Presence Learning Therapy Tools Suite - November 2019

Verbal Dyspraxia and Stuttering

Michelle Harmon, Ph.D

November 22, 2004

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Question

I have a student that presents with a multitude of problems, one of which is verbal dyspraxia. His speech is remarkable for dysfluency (for example, d-d-d-d dog and fffffffffire). Is this another symptom of dyspraxia or is this a separate concern? And

Answer

The simple answer to your first question is that stuttering is not a symptom of dyspraxia; however, there is some research that makes your question an interesting one and makes my response to your question somewhat equivocal. Although there could be some connection between the two disorders in your child, it could always be possible that the two disorders could just be co-existing. As Kent (2000) reminds us, children who stutter are more likely than non-stuttering children to exhibit other speech and language problems.

In 1974, Yoss and Darley suggested that stuttering as well as articulation difficulties might be expressions of developmental apraxia. Whether or not Yoss' and Darley's suggestion is true, both stuttering and apraxia "have been defined or studied in terms of speech motor control dysfunction...[even though] the fluency disorders...are not always classified in this way" (Kent, 2000, p. 391) and there is plenty of controversy regarding this issue.

Neuroimaging techniques are beginning to give researchers new insights into sites of abnormality that were not previously available. In developmental apraxia, Kent (2000) cites studies that found abnormalities in cortical and subcortical motor related areas of the frontal lobe. The studies also identified the basal nuclei, particularly the caudate nucleus, as being abnormally small.

Kent's review of the some of the neuroimaging research in individuals who stutter suggest that "stuttering can result from a variety of neurological disturbances and is not necessarily related to damage to any one structure or neural pathway". One of the structures that has been implicated in stuttering is the basal nuclei.

Most of us have witnessed the groping behaviors during the motor programming efforts of individuals with apraxia. We have also seen groping posturing of the articulators in children who stutter as they try to "program" their speech. Blomgren and Nagarajan (2002) have observed, through neuroimaging, a reversal of cortical activation sequences during motor programming of individuals who stutter in that they initiate the motor program before preparing the articulatory code. Most of us are also aware of the effortful nature of apraxic speech and of stuttering behaviors. It is possible that the tense behaviors of apraxic speech are classically conditioned or paired with normal dysfluent behaviors, which then develop into a stuttering disorder in the same fashion as classical conditioning may occur in individuals who stutter without apraxia. It is also possible that a version of Bloodstein's Communication Failure theory of stuttering (1995) may be operating in the child with apraxia, in that the child with apraxia experiences communication failure and talking difficulty. This results in tension when talking. Since stuttering is a tension behavior, stuttering may develop as a result.

Regardless of whether the stuttering is related to the dysapraxia or whether it is a separate concern, I would suggest that you primarily address the apraxia. As you address it, you might consider attempting strategies designed to take the effort out of speaking and phonating. In addition, it is well known that both apraxia and stuttering respond well to rhythms and melodic types of strategies. These strategies might help you to manage the fluency difficulties as well. One other note: researchers (Nippold, 2002) have found no evidence that working on articulation (apraxia) is related to an increase in dysfluency. In fact, it is perfectly all right to work on fluency and articulation concurrently (Ratner, 1995). Some sources that might assist you in treating your child include the following:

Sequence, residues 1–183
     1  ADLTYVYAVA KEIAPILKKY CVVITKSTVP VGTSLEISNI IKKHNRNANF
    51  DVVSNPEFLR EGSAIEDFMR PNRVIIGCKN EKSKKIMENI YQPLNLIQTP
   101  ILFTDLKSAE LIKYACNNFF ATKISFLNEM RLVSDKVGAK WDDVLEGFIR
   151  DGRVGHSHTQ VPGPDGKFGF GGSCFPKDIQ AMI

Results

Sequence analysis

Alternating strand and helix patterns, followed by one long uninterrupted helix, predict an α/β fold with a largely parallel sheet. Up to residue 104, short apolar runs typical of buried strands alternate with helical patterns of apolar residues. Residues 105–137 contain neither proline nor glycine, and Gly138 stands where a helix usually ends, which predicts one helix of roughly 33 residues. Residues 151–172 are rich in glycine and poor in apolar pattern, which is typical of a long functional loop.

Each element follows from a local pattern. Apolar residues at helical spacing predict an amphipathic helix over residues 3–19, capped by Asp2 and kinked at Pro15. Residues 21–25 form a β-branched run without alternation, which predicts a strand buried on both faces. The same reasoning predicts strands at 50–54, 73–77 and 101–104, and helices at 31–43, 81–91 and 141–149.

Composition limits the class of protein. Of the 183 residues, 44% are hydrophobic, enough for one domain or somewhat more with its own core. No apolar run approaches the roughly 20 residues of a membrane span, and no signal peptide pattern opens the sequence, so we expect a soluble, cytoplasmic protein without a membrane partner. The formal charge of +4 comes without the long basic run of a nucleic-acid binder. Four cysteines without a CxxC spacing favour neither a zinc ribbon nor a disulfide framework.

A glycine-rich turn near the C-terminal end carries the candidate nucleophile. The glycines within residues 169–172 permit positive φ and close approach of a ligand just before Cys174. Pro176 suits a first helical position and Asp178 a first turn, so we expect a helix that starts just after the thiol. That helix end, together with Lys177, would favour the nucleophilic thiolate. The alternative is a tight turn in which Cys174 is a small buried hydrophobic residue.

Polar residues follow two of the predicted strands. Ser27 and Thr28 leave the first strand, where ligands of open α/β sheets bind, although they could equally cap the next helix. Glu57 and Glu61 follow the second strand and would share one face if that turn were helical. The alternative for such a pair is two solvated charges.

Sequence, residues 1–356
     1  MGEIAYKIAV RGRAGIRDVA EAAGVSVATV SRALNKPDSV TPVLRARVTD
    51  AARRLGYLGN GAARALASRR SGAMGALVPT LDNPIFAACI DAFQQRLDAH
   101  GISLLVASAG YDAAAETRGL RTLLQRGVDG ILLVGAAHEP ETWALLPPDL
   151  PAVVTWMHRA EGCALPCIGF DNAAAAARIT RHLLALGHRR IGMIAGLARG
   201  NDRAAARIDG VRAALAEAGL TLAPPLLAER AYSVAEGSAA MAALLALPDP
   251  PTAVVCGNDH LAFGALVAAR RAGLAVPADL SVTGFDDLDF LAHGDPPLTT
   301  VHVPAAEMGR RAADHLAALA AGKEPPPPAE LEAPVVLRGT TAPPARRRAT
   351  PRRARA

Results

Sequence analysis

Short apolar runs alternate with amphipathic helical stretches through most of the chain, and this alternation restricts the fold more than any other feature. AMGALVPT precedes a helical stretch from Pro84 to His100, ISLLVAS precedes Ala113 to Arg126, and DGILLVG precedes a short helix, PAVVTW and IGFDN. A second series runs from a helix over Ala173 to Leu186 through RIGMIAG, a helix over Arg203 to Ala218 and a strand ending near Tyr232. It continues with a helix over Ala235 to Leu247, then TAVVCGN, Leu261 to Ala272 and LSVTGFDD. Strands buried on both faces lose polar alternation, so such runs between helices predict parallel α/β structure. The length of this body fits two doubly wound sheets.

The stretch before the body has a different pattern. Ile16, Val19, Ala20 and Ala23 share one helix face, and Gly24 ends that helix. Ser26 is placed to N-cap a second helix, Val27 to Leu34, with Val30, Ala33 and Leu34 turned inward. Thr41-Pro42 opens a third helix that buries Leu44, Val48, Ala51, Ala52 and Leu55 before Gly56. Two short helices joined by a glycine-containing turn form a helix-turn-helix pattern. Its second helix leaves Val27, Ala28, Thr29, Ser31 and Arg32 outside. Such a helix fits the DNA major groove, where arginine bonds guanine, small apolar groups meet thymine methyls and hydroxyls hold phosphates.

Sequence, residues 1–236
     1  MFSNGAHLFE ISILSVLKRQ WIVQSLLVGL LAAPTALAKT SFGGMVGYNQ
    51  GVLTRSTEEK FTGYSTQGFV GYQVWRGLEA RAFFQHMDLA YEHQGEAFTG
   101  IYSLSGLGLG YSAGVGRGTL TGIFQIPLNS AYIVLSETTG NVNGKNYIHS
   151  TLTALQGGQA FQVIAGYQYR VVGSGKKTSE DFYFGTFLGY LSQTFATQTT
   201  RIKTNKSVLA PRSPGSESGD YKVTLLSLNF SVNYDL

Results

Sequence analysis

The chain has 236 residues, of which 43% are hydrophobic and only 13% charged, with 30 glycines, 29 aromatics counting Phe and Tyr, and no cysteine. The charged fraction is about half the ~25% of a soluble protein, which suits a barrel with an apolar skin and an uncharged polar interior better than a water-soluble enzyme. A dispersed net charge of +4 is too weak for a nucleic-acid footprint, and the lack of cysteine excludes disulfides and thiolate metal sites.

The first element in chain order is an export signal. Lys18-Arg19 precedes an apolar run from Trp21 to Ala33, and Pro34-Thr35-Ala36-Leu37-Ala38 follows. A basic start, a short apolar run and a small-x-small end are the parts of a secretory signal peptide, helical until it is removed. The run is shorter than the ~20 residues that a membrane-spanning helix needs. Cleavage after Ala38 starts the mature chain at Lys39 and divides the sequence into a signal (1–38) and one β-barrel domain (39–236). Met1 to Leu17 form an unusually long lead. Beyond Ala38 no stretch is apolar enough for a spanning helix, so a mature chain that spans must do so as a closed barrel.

Pannbacker, M. (1988). Management strategies for developmental apraxia of speech: A review of literature. Journal of Communication Disorders, 21, 363-371.

Caruso, A. J. & Strand E. A. (Eds.)(1999). Clinical management of motor speech disorders in children. New York: Thieme.

Helfrich-Miller, K. (1984). Melodic intonation therapy with developmentally apraxic children. Seminars in Speech and Language, 5, 119-126.

Sources

Bloodstein, O. (1995). A handbook on stuttering, 5th ed. San Diego: Singular Publishing Group., Inc.

Blomgren M., & Nagarajan, S. (2002, August) Functional neuroimaging of speech production in people who stutter. Perspectives on Fluency and Fluency Disorders, 12, (2) pp. 3-6. American Speech-Language-Hearing Association Division 4.

Kent, R. D. (2000). Research on speech motor control and its disorders: A review and prospective. Journal of Communication Disorders, 33, 391-428.

Nippold, M. (2002). Stuttering and phonology: Is there an interaction? AJSLP, 11 (2), p. 99-110.

Ratner, N. B. (1995).Treating the child who stutters with concomitant language or phonological impairment. Language, Speech, and Hearing Services in Schools, 26 (2), (180-186).

Yoss, K. A., & Darley, F. L. (1974). Developmental apraxia of speech in children with defective articulation. Journal of Speech and Hearing Research, 17, 339-416

Dr. Harmon is an Associate Professor on the graduate faculty at Mississippi University for Women. She currently teaches graduate courses in Fluency Disorders, Phonological and Articulatory Disorders, and Voice Disorders. Dr. Harmon has been an invited speaker in the area of stuttering therapy with state and regional associations and with Northern Speech Services across the country.


michelle harmon

Michelle Harmon, Ph.D


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